The holiday season marks the return of turkey dinners, Christmas trees and college kids.

Moms and dads are excited about seeing them for more than just a long weekend, but are they and their young adult children prepared for the extended stay?

Maintaining the peace and harmony of the Christmas season can be a challenge, so we turned to the experts to help us establish house rules before they come home for the holidays.

University of Tennessee campus

Madeline Cain is a UT freshman who has spent the better part of the last three months living in a dorm.

Madeline’s mother, Laura, and the rest of the family have adjusted to a new norm at home.

Dr. Shandra Forrest-Bank is a professor in the UT College of Social Work with tips to help parents and their college kids navigate any potential conflicts come Christmas.

Here's what Madeline and her mother had to say on the topics of curfew, family time vs. friend time and chores, along with Dr. Forrest-Bank's advice.

CURFEW

Madeline: “When I was in high school, curfew was like 11 p.m. If I wasn’t home by 11 p.m. I would get the ‘Where are you?’ text. Now, in my opinion, at least 12 a.m.”

Laura: “I feel like 12 a.m. is fine. We will worry about you knowing that you’re supposed to come to our house that night. I think we will worry about that, but I will still be texting.”

Madeline Cain is a UT freshman who has spent the better part of the last three months living in a dorm. Madeline’s mother, Laura, and the rest of the family have adjusted to a new norm at home.

Dr. Forrest-Bank: “In college, they don’t have a curfew. I can tell them that they have to be home in time, but realistically they have a lot of autonomy, and the more you tell a young person what they have to do the more they push back. Really get in touch with ourselves. What is it we are really worried about? Is it because we aren’t going to see them? Are we worried about their health and safety? Then really have that conversation with them and be willing to negotiate a compromise.”

FAMILY TIME VS. FRIEND TIME

Madeline: “In my opinion, I just feel like a good balance … but I guess it really depends on if you want me to be home more than I plan to.”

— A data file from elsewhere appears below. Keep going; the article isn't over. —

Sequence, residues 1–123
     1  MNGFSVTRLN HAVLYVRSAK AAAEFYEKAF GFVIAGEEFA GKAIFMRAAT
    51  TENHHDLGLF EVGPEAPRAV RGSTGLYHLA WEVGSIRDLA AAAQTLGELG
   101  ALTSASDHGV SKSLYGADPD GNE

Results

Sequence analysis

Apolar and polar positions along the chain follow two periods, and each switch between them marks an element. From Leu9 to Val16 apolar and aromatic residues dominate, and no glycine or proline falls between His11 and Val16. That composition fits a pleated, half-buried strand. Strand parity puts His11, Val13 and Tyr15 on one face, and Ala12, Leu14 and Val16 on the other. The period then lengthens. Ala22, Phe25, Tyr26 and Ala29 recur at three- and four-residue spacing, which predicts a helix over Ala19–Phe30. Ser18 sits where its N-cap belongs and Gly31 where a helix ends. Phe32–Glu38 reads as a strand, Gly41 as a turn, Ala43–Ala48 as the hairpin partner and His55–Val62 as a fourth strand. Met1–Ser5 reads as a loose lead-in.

Laura: “I think it’s going to be real exciting for you to catch up with the people who aren’t at UT. I think you should do that. But we like doing things as a family, so that’s something we can also negotiate.

Dr. Forrest-Bank: “Realistically, they are going to want to spend time with their friends. They might really miss us, but we’ve probably been more in touch with them than they have with anybody else. They are going to need that time. But I am going to have a conversation about what the expectations are and needs are for both of us. Maybe there are certain things that we can put on the calendar … plan around these things.”

Dr. Shandra Forrest-Bank is a professor in the UT College of Social Work with tips to help parents and their college kids navigate any potential conflicts come Christmas.

CHORES

Madeline: “ I’ve been waking up every morning and making my bed and every time I use our dishes, I immediately wash them. I feel like I’ve grown up, but like chores ... Jake’s (Madeline’s brother) got it. I think he’s doing a great job. He can handle it.”

Laura: “I think it will go back right to the way it was … I’m excited to see all that cleanliness.”

Dr. Forrest- Bank: “Finishing a semester at college, especially the first one, it’s really a stressful time. They’ve really been through some stuff so I would celebrate them coming home and really give them a little bit of a grace period. But then have a conversation with them about it, 'You know, I’m excited you are home, I don’t want you to lift a finger for a week … then I kind of expect you to step up.'"